P.S. And do what Eric said too!:yes:
 

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Discussion Starter #4
Thanks, Eric and Fred. I know a few things but not as much as you guys. :) I know how to increase the idle speed and even a little about the air/fuel mixture routine but didn't think that it was an accurate enough technique. I thought there was a special analyzer to use. :) I appreciate your help! I hope it's not a vacuum leak!! Thanks, guys! DeAngelo
 

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sometimes when you do in intake, you clean the intake ports off with a cleaner spray(like carb cleaner on a rag)...if you get gasket material or coolant, or any foreign material into a cylinder, you could crap up a plug...intermittant spark in 1 cyl will also cause a surge...pull the plugs to see if one has a bunch of schmegma on it...(techincal term for crap...lol...)
 

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As Fred said, it's hard to troubleshoot this kinda of stuff from a keyboard a thousand miles away. While I have no doubt I€ could tune your car as good as it can be tuned in a few minutes, or determine there is a problem beyond tuning, that only really works when I can hear it, feel it, and touch it.

And then we get into you bringing it to a professional and proceeding to tell him what a bunch of guys on the internet told you is wrong with it. Please don't do that, it won't get you the best results from them.

If you want to do this yourself, you need 2 tools, a vacaum gauge and a timing light. If you have them, I'll let you know what to do with them.
 

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Discussion Starter #7
Thx, Jim and Mike. And you are right, one should never tell the performance shop they are wrong even though these guys are half of the time. :) I have a great timing light but no vacuum gauge. How much is one? I can go buy one. It is a good thing to have. What do I do once I have the vacuum gauge? And it seems a little more noticeable. Sounds like it could a spark "miss". I am going to take it back to them AGAIN if I can't figure it out. I hate to do that but I should get what I paid for. Thanks! P.S. Jim, I wished you lived in Va Beach!! :)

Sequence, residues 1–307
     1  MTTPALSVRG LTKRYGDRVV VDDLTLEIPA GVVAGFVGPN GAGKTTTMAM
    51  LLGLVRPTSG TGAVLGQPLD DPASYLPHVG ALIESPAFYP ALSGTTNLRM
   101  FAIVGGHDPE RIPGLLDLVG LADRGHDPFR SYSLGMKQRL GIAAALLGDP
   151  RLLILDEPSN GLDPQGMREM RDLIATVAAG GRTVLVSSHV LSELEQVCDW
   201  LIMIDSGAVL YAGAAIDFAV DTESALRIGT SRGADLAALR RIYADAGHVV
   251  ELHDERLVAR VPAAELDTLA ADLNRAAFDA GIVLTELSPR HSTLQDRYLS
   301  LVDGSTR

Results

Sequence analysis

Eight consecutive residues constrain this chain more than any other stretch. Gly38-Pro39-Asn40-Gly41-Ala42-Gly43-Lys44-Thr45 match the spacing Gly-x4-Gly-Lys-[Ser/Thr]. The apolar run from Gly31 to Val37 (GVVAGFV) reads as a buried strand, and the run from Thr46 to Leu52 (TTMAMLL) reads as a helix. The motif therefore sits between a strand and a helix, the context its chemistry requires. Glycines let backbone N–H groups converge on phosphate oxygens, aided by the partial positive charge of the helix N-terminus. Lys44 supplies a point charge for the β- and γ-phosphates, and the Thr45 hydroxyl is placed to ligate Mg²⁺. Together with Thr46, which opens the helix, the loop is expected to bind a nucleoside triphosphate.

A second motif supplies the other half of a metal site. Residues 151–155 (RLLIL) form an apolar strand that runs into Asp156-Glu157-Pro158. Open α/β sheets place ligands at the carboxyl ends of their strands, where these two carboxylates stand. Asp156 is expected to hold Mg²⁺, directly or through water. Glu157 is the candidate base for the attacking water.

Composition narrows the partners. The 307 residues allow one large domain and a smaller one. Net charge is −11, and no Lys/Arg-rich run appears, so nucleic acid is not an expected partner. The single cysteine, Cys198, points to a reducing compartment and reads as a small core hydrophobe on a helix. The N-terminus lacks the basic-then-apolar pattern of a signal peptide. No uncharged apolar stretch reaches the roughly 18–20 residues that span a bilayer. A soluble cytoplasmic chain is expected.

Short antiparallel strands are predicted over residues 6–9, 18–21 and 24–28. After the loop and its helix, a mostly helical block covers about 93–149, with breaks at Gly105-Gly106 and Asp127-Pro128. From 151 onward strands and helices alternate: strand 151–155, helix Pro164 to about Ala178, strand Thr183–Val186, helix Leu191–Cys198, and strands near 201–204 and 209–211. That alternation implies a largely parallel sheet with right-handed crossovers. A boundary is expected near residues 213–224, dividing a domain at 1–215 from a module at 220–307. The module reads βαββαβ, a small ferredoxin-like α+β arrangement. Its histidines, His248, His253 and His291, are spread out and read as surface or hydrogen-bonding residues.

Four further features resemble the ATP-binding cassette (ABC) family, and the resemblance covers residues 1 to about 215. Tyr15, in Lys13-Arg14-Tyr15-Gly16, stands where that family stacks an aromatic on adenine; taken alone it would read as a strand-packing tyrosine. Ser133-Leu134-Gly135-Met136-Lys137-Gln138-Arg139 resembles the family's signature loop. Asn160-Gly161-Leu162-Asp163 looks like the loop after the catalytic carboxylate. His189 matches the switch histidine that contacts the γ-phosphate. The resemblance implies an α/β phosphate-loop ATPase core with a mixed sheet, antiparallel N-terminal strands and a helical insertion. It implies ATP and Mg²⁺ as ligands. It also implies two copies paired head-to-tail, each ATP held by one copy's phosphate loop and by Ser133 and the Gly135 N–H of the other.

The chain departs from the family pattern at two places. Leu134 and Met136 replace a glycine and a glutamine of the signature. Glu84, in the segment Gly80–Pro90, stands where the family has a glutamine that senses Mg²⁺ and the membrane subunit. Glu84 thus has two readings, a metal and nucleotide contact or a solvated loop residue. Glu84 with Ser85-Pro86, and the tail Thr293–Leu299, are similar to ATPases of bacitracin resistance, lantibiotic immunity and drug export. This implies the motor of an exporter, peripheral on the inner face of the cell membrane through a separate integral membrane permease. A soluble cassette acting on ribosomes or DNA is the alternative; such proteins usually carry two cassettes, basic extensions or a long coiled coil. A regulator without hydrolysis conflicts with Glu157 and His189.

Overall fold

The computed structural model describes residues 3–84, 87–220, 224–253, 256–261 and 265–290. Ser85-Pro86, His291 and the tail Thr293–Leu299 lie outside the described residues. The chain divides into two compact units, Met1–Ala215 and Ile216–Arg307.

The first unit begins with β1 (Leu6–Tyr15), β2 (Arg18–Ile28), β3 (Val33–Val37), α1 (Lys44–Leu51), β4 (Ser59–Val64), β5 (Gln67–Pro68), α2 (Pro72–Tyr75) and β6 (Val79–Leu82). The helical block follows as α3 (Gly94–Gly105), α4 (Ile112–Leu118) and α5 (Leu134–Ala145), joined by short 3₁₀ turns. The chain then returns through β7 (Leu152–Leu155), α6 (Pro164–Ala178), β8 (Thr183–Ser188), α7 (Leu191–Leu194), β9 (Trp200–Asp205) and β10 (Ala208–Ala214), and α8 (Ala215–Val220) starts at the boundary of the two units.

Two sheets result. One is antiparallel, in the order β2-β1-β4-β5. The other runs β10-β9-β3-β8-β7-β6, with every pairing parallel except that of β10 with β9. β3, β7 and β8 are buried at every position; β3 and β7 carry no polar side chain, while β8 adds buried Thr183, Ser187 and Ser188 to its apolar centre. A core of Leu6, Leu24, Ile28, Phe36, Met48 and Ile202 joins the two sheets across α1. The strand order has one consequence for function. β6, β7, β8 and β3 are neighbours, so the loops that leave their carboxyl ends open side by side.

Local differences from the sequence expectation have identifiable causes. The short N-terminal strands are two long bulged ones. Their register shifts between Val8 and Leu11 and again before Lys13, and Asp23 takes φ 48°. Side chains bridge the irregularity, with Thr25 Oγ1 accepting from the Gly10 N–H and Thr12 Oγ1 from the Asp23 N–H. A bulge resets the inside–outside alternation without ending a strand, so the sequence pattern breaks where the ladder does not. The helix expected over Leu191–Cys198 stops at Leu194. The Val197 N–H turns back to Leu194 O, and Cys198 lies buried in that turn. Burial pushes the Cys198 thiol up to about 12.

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I have a hand pump vacuum gauge. I like it because it not only will read vacuum, but it will pump a vacuum as well for checking things like vacuum advance canisters and a/c servos (or RS headlamp doors). I got mine at an auto parts store for about $9. I saw sears had one for $30 that contained a brake bleeding bottle and other gizmos -- kind of a rip off in my opinion.

a basic vacuum guage should be pretty cheap - less than $20. Check your local auto parts store.
 

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Discussion Starter #9
Thanks, Dave. I believe that I have found the culprit! I hate to even admit it but it was the timing! You would think that the shop would have ensured the timing was correct after they reinstalled the intake manifold. I noticed that the surging also accompanied a "unevenness". The tach was bouncing back and forth between 750 and 850. It didn't do that before they worked on it. I advanced the timing a bit and it smoothed out. Thanks to everyone who pointed me in the right direction. I kept thinking it was a fuel mixture issue but it wasn't. THANKS! DeAngelo
 

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Glad to read the car is running. Speed shop in VA, Where is your location?